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Icicle Blue Avalanche reviews

“… one of the most viscerally dramatic discs I’ve heard in quite a while… huge slabs of extremely solid music” —George Zahora,
“… shimmering bells of guitar, softly growling guitar.” —Andra McCartney, Musicworks
“… most engaging, creating an image of the guitar coming to life via some sorcerer’s apprentice and doing mischief… A most effective and evocative piece.” —Computer Music Journal

George Zahora,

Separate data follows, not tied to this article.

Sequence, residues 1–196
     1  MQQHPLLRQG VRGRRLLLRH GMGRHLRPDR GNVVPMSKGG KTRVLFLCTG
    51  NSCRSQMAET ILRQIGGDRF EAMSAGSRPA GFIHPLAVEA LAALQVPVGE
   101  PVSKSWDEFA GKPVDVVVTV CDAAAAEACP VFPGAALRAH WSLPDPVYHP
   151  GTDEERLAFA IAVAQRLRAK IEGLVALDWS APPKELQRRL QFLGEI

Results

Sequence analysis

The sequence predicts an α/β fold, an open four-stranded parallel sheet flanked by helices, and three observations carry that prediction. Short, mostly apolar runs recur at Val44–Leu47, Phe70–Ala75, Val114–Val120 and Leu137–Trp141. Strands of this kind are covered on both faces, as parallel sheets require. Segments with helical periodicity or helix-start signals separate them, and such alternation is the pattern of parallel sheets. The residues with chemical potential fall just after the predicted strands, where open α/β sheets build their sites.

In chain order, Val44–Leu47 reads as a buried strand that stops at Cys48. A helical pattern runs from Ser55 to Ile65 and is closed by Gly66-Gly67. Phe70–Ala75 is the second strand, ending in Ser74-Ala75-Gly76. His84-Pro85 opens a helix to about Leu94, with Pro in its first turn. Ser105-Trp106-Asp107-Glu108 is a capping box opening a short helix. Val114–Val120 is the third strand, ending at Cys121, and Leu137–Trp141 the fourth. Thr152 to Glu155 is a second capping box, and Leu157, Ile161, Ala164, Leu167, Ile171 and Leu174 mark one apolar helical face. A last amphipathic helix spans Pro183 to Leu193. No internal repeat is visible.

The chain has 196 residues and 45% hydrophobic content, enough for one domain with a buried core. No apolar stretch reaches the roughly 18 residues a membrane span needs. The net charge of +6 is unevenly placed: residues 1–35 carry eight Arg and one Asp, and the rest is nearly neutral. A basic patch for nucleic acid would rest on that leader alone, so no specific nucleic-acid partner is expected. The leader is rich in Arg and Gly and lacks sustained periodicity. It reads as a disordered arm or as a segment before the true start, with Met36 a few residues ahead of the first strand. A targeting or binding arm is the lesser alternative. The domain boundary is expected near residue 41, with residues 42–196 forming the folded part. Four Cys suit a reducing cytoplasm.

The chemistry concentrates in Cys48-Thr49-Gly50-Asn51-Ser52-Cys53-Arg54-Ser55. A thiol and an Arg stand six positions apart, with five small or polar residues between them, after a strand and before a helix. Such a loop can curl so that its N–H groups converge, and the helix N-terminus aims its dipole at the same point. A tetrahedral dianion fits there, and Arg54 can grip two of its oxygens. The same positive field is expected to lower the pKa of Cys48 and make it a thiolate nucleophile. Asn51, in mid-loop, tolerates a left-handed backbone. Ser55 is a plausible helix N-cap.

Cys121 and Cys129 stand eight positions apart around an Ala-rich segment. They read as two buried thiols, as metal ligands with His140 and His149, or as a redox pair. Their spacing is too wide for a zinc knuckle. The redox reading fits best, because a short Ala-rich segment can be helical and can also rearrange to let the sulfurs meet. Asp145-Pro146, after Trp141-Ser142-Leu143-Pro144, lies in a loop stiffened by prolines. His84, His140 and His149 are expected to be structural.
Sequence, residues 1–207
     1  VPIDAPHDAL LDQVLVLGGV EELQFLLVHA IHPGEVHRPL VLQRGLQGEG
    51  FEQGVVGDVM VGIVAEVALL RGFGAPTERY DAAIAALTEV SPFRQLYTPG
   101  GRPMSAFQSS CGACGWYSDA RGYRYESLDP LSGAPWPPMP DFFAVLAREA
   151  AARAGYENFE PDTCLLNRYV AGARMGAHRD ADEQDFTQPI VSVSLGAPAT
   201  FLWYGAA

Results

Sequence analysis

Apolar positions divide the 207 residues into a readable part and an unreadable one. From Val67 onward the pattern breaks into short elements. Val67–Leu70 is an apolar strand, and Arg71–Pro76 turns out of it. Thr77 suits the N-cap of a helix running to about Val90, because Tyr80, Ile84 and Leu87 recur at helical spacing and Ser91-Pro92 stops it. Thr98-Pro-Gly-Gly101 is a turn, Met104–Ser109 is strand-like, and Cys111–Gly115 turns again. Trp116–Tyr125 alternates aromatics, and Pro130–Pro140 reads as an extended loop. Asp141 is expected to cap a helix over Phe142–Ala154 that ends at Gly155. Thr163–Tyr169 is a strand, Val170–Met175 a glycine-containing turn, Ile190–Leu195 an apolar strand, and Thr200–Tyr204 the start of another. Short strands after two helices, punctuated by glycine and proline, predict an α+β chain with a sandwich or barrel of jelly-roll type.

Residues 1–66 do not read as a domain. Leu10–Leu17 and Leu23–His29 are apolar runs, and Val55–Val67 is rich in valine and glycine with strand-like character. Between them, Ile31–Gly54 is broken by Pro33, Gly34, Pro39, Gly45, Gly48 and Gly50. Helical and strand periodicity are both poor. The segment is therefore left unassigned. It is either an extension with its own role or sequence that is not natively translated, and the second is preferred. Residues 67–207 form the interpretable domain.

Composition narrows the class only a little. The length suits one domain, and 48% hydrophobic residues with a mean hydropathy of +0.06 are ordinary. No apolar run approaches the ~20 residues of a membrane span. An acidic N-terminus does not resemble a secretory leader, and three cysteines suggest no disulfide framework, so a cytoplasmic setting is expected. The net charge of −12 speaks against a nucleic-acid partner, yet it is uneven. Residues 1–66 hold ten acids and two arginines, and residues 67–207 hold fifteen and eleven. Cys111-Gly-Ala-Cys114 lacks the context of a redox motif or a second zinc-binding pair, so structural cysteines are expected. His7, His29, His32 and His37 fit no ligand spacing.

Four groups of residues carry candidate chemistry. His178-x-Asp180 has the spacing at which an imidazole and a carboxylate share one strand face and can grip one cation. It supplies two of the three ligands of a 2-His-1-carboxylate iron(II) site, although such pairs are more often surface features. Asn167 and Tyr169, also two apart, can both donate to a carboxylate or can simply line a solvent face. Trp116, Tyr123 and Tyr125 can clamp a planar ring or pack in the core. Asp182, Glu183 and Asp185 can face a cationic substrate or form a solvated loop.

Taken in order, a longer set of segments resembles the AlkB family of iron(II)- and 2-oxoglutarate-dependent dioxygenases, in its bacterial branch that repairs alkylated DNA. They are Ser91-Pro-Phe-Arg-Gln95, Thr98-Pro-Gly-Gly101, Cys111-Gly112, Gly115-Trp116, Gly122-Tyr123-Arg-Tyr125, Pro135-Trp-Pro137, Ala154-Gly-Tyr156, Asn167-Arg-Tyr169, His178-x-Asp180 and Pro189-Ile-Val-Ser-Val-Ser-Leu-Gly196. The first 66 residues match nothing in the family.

If you find most experimental music to be too minimal for your tastes, I'm pretty certain you've never heard anything on the Earsay label. Never an outlet for dull or art-wanky compositions, Earsay hits a new high with John Oliver's Icicle Blue Avalanche, one of the most viscerally dramatic discs I've heard in quite a while. Working with MIDI guitar, computer, keyboard and tape loops, Oliver has crafted huge slabs of extremely solid music -- I can't wait to listen to the title track's chaotic blend of prog-rock guitar and randomized computer accompaniment on a surround-sound system. "Copper Flying" is aptly described in Oliver's liner notes as "virtual metal" -- imagine wandering around, mildly intoxicated, inside the world's largest set of wind chimes. "Off the Edge" is a sonic storm of a different type, combining recorded weather effects and instrumental imitations thereof (or at least that's how it sounded to me) into one big seething maelstrom. Oliver's most recent works, "Noh 1" and "InDia", were my favorites -- the former an immersive envelope of techno-shamanistic sounds, the latter a starkly modern meditative work with, as the title suggests, an Eastern bias. If you're the type of person who typically dismisses experimental compositions as dull or self-indulgent, I strongly encourage you to approach Icicle Blue Avalanche with an open mind -- it's a work of quality and conviction, and it's well worth your time.

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